The tribe which, from the time of Washington’s visit to the Ohio, in 1753, down to their removal to the West, played so important a part under the name of Wyandots, but who were previously known by a name which French write Tionontates; and Dutch, Dinondadies, have a history not uneventful, and worthy of being traced clearly to distinguish them from the Hurons or Wyandots proper, of whom they absorbed one remnant, leaving what were later only a few families near Quebec, to represent the more powerful nation.
Narrative of the captivity of Alexander Henry, Esq., who, in the time of Pontiac’s War, fell into the hands of the Huron Indians. Detailing a faithful account of the capture of the Garrison of Michilimacki-Nac, and the massacre of about ninety people. Written by himself.1 When I reached Michilimackinac I found several other traders, who
The records from the register at Michilimackinac are here provided as they were translated by Edward O. Brown back in 1889. His translation came from a transcript of the original, which latter is kept in the parish church of Ste. Anne, at Mackinac. Annotated throughout are Mr. Brown’s biographical knowledge of the events of Michilimackinac and the people within. Don’t pass over the footnotes for the record, you may find a biographical reference hidden there!
No more colorful settlement existed in the Middle West than the mission and fort at the Straits of Mackinac, for the French early realized its importance and directed their westward explorations from this base. The concentration point for the fur trade of the Middle West, Mackinac held an important place for many years, both during the British and American regimes.
The register of interments was evidently not as carefully kept as those of marriages and baptisms. The following first four entries have been abstracted from the baptismal register, being entered after the records of baptisms on the death of the child previously baptized. The record kept by Father Le Franc, beginning in 1754 and continuing
In the original Mackinac Register these are scattered through the register, in the neighborhood of entries on other subjects. They are here brought together under one head. July 22, 1787,1 after invoking the enlightenment of the Holy Ghost, we, the undersigned, elected by a majority of votes, as church wardens of the church of Ste.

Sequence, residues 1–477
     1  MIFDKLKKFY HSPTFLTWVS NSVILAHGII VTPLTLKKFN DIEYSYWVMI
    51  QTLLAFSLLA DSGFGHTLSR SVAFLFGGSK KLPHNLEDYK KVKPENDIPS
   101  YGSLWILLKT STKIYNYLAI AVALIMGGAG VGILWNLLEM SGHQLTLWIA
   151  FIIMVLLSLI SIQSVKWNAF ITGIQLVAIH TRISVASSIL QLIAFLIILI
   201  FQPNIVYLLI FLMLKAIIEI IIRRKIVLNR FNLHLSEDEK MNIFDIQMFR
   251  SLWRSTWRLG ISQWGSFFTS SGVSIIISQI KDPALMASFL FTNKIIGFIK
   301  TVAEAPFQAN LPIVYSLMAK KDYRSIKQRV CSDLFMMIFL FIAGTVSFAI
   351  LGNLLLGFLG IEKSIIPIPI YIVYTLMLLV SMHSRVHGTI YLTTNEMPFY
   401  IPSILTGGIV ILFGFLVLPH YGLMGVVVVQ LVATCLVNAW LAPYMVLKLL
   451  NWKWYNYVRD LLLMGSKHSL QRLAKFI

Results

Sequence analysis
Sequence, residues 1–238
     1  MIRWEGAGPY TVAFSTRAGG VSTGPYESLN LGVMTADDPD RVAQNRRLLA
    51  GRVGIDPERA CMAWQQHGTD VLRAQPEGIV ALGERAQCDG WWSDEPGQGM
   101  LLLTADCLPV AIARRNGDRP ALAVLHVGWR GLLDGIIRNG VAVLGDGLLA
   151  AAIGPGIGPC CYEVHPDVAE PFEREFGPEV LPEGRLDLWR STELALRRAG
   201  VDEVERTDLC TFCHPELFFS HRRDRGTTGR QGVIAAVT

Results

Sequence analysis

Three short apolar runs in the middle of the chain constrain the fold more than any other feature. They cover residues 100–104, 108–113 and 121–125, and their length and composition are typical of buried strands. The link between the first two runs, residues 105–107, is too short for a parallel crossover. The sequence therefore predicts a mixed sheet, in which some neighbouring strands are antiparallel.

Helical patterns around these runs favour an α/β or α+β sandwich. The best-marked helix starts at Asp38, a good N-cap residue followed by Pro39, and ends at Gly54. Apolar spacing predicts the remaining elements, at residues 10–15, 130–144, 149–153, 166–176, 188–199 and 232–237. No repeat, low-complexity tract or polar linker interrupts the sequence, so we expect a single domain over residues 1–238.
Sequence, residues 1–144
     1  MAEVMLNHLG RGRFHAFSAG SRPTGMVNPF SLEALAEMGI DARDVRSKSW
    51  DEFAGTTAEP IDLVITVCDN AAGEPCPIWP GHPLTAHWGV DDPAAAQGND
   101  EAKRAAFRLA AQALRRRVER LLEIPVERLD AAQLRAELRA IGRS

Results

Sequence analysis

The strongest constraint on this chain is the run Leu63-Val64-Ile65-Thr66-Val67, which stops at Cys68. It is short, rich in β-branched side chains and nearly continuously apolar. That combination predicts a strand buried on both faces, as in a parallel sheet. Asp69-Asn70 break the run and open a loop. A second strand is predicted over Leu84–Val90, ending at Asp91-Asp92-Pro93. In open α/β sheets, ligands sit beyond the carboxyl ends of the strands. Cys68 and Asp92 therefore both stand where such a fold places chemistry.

Baptisms as recorded in the registers of St. Ignace at Michilimackinac. Translation from a transcript of the original, which latter is kept in the parish church of Ste. Anne, at Mackinac
No baptisms are entered in the register between 1804 and 1821, possibly because no priest visited the island in that long interval; although the entry in Wisconsin Historical Collections, xviii, p. 512, would indicate the presence of a priest at Mackinac in 1818. When the British retired from Mackinac in 1815, after the conclusion of
January 19, 1800, by us the Undersigned, one of the justices of the peace of the United States, was privately baptized Marie Louise of the Saulteux nation.((Married the same day to Louis Hamelin; Wisconsin Historical Collections, xviii, p. 503.)) The godfather was Sieur Fr Catin; and the godmother Genevieve Plessey, wife of Mr. Bourdon. The
September 29, 1792, was born and privately baptized by me, the undersigned, on the Thirtieth, Michel, son of Mr. Daniel Bourassa and of Dame Marguerite Bertrand his father and mother, born in lawful marriage. *** C. Gauthier. October 21, 1792, by me the undersigned, was privately baptized Therese Victoire, born this day, of the lawful